Days 2 and 3….

Before I gave birth I carried around under my arm my metaphorical book on how to be a good mother and I attended the antenatal classes with an excited look on my face as I glanced round at all the other mums. We all thought we were going to do it in the perfect way, in the correct way and we were all full of that pregnant lady anticipatory glow.

Of course, hindsight is a wonderful thing and there is no perfect way, it doesn’t take a genius to work that out. (Clearly I’m not a genius as it took me a long time to figure that out!)

So, moving on to the few days we spent in hospital. The husband had to leave on the second and third night so the Baby and I were on our own. I think he wanted to stay but the bloody awful chairs that they give them to sleep on were so uncomfortable I couldn’t bear to let him.

Neither of us knew what to do and I don’t think he had expected the near constant tears and worry that greeted us as soon as the baby arrived.

In our heads the baby would pop out smiling and laughing, happy to join us in the world and we would all ease into family life in a few short days.

Those nights alone with the baby listening to other women give birth were long and lonely. I had my beautiful baby girl who I (literally) couldn’t put down and I was so proud, but in the hospital, ladies with snugly new babies are two a penny so the congratulatory greetings from everyone who entered them room never quite felt sincere. (Is that too harsh?)

I remember that we had a little fridge in the room, which was probably not meant for us to use, but it was brilliant as it was so hot in that bloody room. I kept the big bar of chocolate that my sister told me to pack and some bananas and water in there, the mother in law also brought some sandwiches which tasted like the best thing I have ever eaten! That was a really good thing. The hospital food was not really up to much, although better than some other wards, so I was grateful to have some snacks of my own.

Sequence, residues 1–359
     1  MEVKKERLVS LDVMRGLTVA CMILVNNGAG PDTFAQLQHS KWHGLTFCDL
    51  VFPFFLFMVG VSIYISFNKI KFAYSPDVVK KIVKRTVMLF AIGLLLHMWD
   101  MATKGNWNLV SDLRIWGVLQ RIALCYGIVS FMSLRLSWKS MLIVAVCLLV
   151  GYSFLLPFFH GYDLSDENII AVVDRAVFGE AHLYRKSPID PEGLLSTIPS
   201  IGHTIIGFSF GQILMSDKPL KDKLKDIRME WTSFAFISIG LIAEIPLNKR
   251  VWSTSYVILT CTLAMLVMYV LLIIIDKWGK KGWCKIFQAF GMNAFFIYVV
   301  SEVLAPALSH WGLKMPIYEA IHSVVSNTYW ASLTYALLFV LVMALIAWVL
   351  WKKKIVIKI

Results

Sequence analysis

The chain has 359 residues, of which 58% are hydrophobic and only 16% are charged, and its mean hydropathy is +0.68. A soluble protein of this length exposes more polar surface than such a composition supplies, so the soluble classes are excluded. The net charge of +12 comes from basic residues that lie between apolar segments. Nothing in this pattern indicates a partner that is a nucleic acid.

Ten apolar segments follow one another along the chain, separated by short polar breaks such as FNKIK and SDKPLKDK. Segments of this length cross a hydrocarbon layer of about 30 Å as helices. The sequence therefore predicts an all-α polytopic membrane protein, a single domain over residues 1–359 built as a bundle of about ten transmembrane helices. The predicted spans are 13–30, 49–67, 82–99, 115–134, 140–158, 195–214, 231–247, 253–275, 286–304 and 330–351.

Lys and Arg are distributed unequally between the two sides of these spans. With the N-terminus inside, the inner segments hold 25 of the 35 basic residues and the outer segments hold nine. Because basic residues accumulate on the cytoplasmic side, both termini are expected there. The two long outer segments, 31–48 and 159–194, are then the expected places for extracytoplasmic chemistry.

So, anyway, the breastfeeding saga continues with every single midwife (I must have gone though at least 15 by the time we left) having a different suggestion of how to make it easier (some of the suggestions were not actually different to the midwife before, but it was a different person saying it, so to them I assume that’s what counts).Eventually a fairly brisk lady comes in and muttered that I needed a pump and promptly wheeled in a monstrosity of a breast pump and told me I must do it for half and hour every few hours.

The machine was the pits, I felt exactly like an artificially inseminated dairy cow. With a pump on both breasts at once and the husband thinking it was hilarious to turn it up really high as my hands were occupied, meaning I was squirming and squealing with tears rolling down my face not knowing whether to laugh or cry. (This joke went in quite a long time and made him giggle like a little schoolboy every time.)

I ended up laughing because it seemed like every time I turned the dreaded pump on every bloody Tom, Dick and Harry wanted to come in and I ended up sitting there bearing all to the cleaner, the Bounty woman and every trainee medical professional that went past. Eventually I lost track of who did what and I didn’t really care.

Seriously though, those 30mins every 3 hours were abysmal and I hated them, but I wanted to breastfeed so I did it.

Then the brisk lady came back and asked me how many mls I had pumped. I just looked blankly and proudly presented her the few drops that I had eeked out. Her face said it all. This was going to be a long road ahead….

After the third night I was desperate to leave and we were dying to get our little girl home and show her the world and take her to all our favourite places! (Not that the jaundice meant she was ever awake, but when she woke up we wanted to do those things!)

So, I dragged myself into the shower and put some make up on (very badly) and scraped back my matted hair into a bobble and when the morning midwife came in I was standing there with the baby and my bags packed and announced we were ready to go home. (This was about 6am in reality!) There was no messing with me, I meant business.

We needed to have lost no more than 8% of the baby’s birth weight in order to go home. We lost 8.7%, but with the promise that I would syringe her formula and continue pumping they agreed to let us leave ( I am not sure so would have taken no for an answer at that point)

So by 10.05am we were on our way (the other halves are allowed in at 10am) Ha ha.

We got her home after a very slow drive home (quite the opposite to the drive to the hospital!) and sat her in the car seat in the middle of the floor……ready for our adventure to begin!

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